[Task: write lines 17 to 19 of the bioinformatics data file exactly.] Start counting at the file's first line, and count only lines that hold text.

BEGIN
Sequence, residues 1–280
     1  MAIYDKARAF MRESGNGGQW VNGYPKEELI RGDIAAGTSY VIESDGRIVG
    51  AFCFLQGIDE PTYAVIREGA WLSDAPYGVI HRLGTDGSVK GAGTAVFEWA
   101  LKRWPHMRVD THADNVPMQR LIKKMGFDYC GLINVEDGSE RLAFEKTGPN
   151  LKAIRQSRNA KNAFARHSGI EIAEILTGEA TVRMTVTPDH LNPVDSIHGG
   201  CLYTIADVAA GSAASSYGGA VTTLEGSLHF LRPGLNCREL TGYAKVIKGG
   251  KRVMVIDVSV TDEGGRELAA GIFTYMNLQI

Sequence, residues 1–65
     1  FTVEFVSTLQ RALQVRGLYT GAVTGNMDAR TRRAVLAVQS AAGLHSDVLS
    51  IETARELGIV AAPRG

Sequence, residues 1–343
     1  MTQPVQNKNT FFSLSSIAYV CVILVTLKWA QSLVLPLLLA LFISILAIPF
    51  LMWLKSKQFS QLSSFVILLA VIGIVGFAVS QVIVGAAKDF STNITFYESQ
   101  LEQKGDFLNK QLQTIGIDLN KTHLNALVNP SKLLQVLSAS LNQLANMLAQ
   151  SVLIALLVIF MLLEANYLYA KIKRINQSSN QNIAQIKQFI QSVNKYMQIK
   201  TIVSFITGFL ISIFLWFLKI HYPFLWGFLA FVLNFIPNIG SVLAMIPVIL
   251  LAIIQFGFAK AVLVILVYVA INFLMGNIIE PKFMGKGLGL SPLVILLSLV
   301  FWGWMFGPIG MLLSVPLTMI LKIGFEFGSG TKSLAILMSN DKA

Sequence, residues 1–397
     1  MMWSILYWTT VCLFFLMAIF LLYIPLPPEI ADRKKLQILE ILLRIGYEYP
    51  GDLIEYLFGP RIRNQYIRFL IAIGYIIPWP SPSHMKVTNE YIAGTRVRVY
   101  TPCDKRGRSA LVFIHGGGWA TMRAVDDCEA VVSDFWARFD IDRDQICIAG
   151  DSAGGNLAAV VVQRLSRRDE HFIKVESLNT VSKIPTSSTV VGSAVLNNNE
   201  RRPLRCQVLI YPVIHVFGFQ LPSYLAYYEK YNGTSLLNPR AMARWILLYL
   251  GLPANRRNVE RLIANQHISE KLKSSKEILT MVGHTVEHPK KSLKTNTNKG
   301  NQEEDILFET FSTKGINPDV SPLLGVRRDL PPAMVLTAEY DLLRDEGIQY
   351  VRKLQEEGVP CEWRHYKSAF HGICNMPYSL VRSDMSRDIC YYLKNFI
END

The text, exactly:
   251  LAIIQFGFAK AVLVILVYVA INFLMGNIIE PKFMGKGLGL SPLVILLSLV
   301  FWGWMFGPIG MLLSVPLTMI LKIGFEFGSG TKSLAILMSN DKA

Sequence, residues 1–397